- "To Tame a Land", towards Dune. It's a shame Frank Herbert wasn't quite so accommodating regarding Dune - the song had to be renamed To Tame a Land. This lack of accomodation was "mentioned" by Bruce in the 1983 World Piece Tour:Next song is all about a gentleman who wrote a science-fiction book called Dune(...). He's an American called Mr. Frank Herbert, this particular gentleman, alright? And Mr. Herbert, as it turns out, is a bit of a cunt actually, because he... among other things he said that if we called this track that we wrote on the album "Dune", that he'd sue us and stop the album coming out, and all kinds of very unpleasant things... So we had to re-title the track which is on the new album, and we had to call it "To Tame a Land".
- The cover of the album has two paintings disguised as hieroglyphs, "Indiana Jones was here in 1941" and "Mickey Mouse".
- "Aces High" is inspired by the Battle of Britain, the first battle fought in the air in its entirety.
"We shall go on to the end. We shall fight in France. We shall fight on the seas and oceans. We shall fight with growing confidence and growing strength in the air. We shall defend our Island, whatever the cost may be. We shall fight on the beaches. We shall fight on the landing grounds, we shall fight in the fields, and in the streets, we shall fight in the hills. We shall never surrender!"
- The live versions from both Live After Death and Flight 666 and the video of the song start with Winston Churchill's WWII speech.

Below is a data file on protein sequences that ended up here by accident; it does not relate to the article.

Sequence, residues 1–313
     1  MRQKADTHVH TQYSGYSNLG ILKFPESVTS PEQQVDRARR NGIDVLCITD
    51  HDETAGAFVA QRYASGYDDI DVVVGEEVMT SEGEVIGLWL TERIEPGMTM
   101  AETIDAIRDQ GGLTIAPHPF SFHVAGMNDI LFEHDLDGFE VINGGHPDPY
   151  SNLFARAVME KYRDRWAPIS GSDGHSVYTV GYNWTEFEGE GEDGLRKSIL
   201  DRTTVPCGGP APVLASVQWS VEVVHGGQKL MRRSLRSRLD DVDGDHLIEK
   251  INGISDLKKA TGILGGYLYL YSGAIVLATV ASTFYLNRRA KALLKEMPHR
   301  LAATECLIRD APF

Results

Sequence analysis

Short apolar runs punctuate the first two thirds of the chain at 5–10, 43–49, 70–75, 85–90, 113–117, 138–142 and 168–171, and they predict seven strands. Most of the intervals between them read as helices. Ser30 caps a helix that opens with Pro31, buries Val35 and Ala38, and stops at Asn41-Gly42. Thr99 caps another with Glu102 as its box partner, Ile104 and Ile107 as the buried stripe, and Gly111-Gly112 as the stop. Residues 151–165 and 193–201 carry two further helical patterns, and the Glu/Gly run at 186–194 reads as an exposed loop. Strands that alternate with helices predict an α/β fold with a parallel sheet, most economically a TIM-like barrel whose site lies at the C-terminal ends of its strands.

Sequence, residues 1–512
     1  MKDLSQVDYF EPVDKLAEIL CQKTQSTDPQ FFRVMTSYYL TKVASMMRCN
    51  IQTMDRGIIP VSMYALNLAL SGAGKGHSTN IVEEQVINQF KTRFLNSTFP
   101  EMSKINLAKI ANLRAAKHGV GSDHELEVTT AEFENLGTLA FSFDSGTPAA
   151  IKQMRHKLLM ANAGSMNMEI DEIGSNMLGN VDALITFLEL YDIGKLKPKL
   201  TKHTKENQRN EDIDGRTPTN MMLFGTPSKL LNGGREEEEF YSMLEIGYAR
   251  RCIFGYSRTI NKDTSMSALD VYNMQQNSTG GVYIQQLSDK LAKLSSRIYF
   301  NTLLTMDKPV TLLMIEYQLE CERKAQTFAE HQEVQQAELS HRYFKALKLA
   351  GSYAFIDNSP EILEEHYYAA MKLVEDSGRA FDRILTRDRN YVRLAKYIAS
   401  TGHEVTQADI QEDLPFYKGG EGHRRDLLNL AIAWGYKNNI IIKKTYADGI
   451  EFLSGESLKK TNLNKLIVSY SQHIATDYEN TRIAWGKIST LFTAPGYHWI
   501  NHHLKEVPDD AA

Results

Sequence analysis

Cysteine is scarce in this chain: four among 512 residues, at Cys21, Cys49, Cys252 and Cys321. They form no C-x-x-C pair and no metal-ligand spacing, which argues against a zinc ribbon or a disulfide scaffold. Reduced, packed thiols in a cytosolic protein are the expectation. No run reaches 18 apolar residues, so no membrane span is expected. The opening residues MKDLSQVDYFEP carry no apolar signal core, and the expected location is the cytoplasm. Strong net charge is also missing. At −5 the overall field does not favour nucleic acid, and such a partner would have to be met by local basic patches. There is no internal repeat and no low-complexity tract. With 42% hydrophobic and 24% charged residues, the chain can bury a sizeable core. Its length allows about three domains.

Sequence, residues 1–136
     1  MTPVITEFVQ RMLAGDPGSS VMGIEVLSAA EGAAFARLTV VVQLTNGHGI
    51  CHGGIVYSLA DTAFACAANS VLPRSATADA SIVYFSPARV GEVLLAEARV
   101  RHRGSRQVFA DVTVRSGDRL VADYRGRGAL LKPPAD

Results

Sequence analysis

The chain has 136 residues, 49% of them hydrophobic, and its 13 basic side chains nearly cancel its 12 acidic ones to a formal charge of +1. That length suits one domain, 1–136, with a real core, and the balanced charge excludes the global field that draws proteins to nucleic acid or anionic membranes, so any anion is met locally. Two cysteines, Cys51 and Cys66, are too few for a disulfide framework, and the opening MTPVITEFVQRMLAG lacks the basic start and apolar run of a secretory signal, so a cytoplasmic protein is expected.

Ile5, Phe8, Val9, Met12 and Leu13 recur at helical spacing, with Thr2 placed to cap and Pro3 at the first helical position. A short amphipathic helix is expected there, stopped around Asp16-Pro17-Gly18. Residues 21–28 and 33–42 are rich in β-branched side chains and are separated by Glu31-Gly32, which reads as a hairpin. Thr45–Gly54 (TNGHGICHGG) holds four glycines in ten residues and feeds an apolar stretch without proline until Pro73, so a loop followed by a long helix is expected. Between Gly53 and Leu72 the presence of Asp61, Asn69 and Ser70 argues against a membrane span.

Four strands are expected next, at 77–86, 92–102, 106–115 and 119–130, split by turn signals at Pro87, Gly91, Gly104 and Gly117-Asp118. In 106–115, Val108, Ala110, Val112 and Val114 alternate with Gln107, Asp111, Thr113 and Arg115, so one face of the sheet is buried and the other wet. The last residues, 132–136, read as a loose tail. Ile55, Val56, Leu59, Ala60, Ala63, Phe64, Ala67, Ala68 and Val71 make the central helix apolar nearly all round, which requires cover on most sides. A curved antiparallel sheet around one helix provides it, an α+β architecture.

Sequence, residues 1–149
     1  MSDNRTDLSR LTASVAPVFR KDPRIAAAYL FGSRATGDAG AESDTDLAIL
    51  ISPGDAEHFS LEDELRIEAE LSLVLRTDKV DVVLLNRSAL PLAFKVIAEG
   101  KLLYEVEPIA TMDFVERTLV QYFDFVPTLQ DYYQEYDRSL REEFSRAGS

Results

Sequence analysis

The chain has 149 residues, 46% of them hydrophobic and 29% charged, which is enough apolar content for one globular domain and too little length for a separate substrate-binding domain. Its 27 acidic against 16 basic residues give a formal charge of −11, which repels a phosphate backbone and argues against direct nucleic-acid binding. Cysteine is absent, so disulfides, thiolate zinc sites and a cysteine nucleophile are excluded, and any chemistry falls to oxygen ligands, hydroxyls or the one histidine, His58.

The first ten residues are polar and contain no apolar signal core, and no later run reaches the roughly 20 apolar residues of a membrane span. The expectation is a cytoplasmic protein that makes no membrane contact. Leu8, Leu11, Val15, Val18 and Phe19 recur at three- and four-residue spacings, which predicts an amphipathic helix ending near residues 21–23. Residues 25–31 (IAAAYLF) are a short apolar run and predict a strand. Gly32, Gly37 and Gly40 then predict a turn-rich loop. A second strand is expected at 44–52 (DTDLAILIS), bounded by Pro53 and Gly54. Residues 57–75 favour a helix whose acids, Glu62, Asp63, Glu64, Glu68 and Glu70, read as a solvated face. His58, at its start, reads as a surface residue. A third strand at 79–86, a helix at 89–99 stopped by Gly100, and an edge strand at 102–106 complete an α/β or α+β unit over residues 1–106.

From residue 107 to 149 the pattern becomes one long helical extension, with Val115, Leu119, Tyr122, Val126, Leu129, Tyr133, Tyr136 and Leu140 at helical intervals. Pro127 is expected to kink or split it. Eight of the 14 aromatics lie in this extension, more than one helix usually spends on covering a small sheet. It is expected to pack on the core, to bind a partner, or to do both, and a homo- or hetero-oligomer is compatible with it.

- "2 Minutes to Midnight" is inspired by the Doomsday Clock.
- "The Duelists" is inspired by Ridley Scott's movie of the same name.
- "Back in the Village", towards The Prisoner.
- "Rime of the Ancient Mariner" is inspired by Samuel Taylor Coleridge's poem of the same name. Two passages from excerpts 1815-16 are quoted directly in the song.
Somewhere in Time
- The cover art of the album references a lot of Maiden's stuff (already covered in the Main page), and a bunch of other science fiction:
- There's a TARDIS near the Rainbow Club billboard.
- "Isaac Asimov's Foundation"
- "West Ham 7 Arsenal 3" is a football/soccer match score. Steve Harris is a confessed fan of West Ham United, and the team itself is also known as "The Irons". Another reference is "Upton Park", their stadium.
- The Philip K. Dick cinema is playing Blade Runner. Also, right out of the pyramids, there's Tyrell Corp.
- "Bradbury Hotels International" is a reference to Ray Bradbury.
- Under the billboard of Tehe's Bar there's Batman.
- The B-side of the "Wasted Years" single, "The Sheriff of Huddersfield", contains the line "We're on a mission from Rob".
- "The Loneliness of the Long Distance Runner" takes its title from the book by the same title by Robert Heinlein. It's also based on the Alan Sillitoe short story.
- "Stranger in a Strange Land" takes its name from (but it's not inspired by) Robert A. Heinlein's eponymous work.
- The cover-art of the single has Eddie appearing as the "Man with No Name", with hints from Deckard.
- "Alexander the Great" talks about the eponymous conqueror.
Seventh Son of a Seventh Son
- The album is based on Orson Scott Card's book Seventh Son.